Kool Keith: Dooom Seeker

The rap game is notorious for the short shelf life of its artists. Many of the MCs who packed stadiums in the 90’s, or early 2000’s, have either been labeled irrelevant or have simply disappeared from view altogether.Hip-Hop mainstays like De La Soul and LL Cool J are respected not only because of their skill, but because people still look forward to their albums decades in the game. The number of rappers in that group is small, but with a little more than 20 years in the game “Kool” Keith Thornton has earned his spot in that circle. Kool Keith has been able to maintain a healthy catalogue by giving his loyal fan base the unexpected.From his trendsetting work with Ultramagnetic MCs, to his solo rap work and more experimental albums Kool Keith’s main theme has been change: “I just switch up,” says Keith. “I make my life interesting and come up with different music, different images… The fans are interested in my evolving changes… They didn’t just hear me talk about one particular subject all my life. They didn’t hear me everyday rapping about champagne and cars or rapping about girls all the time. They heard other sides of my [creativity], my talent.”Ultamagnetc MCs “Raise It Up” Video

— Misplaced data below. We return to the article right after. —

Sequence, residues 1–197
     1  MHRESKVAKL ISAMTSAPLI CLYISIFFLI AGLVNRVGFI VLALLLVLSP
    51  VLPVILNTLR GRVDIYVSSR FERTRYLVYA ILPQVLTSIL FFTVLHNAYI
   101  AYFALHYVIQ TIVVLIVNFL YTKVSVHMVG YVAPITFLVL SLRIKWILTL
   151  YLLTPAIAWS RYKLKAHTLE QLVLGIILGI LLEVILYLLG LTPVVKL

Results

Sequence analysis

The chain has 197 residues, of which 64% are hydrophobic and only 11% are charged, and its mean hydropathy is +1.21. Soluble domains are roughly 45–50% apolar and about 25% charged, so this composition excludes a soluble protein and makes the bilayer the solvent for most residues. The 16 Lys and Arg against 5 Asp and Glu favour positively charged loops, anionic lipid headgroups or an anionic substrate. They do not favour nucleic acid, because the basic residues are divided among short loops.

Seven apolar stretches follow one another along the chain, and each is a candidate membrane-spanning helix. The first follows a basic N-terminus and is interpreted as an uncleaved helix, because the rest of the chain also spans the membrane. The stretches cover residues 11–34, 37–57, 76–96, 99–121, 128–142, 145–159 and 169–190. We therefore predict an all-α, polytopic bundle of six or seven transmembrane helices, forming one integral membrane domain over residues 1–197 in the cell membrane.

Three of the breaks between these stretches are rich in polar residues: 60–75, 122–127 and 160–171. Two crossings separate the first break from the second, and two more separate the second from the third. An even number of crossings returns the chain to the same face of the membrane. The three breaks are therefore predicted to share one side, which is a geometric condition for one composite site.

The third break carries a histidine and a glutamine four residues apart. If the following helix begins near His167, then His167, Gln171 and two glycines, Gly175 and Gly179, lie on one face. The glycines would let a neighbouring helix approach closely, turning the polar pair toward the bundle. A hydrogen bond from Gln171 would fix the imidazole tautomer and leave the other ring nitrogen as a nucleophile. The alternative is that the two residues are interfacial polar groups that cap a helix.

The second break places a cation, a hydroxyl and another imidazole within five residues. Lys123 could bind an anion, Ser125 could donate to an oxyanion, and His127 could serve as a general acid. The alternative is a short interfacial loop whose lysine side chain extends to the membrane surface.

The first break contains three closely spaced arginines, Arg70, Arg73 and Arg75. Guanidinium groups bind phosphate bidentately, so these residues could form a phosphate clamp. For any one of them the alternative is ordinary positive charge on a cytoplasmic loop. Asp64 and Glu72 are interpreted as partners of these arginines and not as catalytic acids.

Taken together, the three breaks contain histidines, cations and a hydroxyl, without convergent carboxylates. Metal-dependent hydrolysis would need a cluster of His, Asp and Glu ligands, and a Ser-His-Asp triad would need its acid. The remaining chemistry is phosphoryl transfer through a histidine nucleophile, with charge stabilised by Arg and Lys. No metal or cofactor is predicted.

Over the years that creativity has turned into a page full of aliases, costumes and spaced out album covers. Kool Keith has donned a plastic wig to rap as Black Elvis (1999), got creepy as Dr. Octagon (1996), got lyrical in The Best Kept Secret (2007), and on his new album, Dr. Dooom 2 via Threshold Recordings, he gets grimy. Working behind the boards with DJ KutMasta Kurt, the album is an intro to first time listeners but manages to give fans in his own words, “That funky dark horror s**t,” as well as the eccentric beats and off-the-wall rhymes they expect from the veteran. While the music is in line with his usual aesthetic, Keith is quick to point out that part of that signature is its ability to fluctuate. “A lot of rappers from my time ain’t really doing s**t cause they stuck at what they did in 19 whatever,” he explains. “They just stuck. I had different ways of doing things. Me being me, and changing, opened up new doors. Me being flexible got me on a lot of other projects that were very successful without even being in the rap circle. [Projects] that were really big and prosperous, and that were quite interesting.”  “I have flexibility,” he continues. “I have dimension to my writing skills. [Others] are stuck. They gotta come out either one way or another. If they don’t come out that same way they done. Talking bout I got rims. I got this, I got that… They stuck.”  Kool Keith/Dr. Dooom “RIP Dr. Octagon” VideoThat ability to shift gears and create different music got him working not only with DJ KutMasta Kurt but also Ice-T on Analog Brothers (2000). “I rapped on Prodigy’s ‘Smack My Bitch Up,’” adds Keith. “Diesel Power sold 3 million records. I’ve been on a lot of projects. I’ve been on Africa Bambaataa mixes. Ended up working with groups that people thought would never really deal with me. I’ve done it all.”  Kool Keith has a history in the game, and has worked on a number of different projects (many with UK artists who still admire the music of The Ultramagetic MCs and Kool Keith) but understands his place in the Hip-Hop time line. “A lot people had records out way ahead of me. I used to see [Grandmaster] Flash perform and see them in the Roxy, and I wasn’t even making records. Scorpio and everyone, so those guys had records out years before [me]. I was still coming into a new generation of rap. My time didn’t even start until around ’89 like Rakim. That’s not even the old school time. Old school had its time pass behind the Fresh Fest. I wasn’t even on that stuff. It kills me when people say old school. I wasn’t even in that time zone.” Ultamagnetic MCs “Poppa Large” Video”When I came out I set a new tone,” continues Poppa Large. “I was on some futuristic space music. To this time and day. I’m spaced out now. I was ‘Star Treked’ when I came out. So my s**t was always advanced. People used to say, ‘What is he saying? He just says weird stuff.’ But now I’m glad. You got a person like Lil’ Wayne. He’s space now.”In talking about his placement in the Old School vs. New School spectrum Kool Keith says, “A lot of rappers from my time don’t really like the new rappers. They feel like It’s like only a few can really hang. But there are only a few rappers from a certain time, my time, that can hang with the young rappers. I think my style is adjustable to the time. There are only a few rappers from 80 something that can rap with the new guys right now. A rapper from my time being here is great cause your cadence did not deteriorate. You don’t rap off the beat or still rap like, ‘Yes yes ya’ll. Come on now! Gotta give it to the people’” Honestly you can’t do that Kurtis Blow. He was the man, but times change. That’s how I look at rap. I’m the equivalent to Allen Iverson. He’s been in the league for a few but he’s good. He can still get through and penetrate, still good on defense.”  Fans of Kool Ketih have been waiting for this sequel to the original Dr. Dooom (1999) and it promises to not disappoint. The all-original beats (Kool Keith doesn’t sample) still create that dark mood, and his crazy wordplay is still on point. Not dwelling on his years in the game, his eyes are still focused on the next thing, the next sound, and the next idea that will open the ears of Hip-Hop heads looking for something new.Kool Keith “Plastic World” Video

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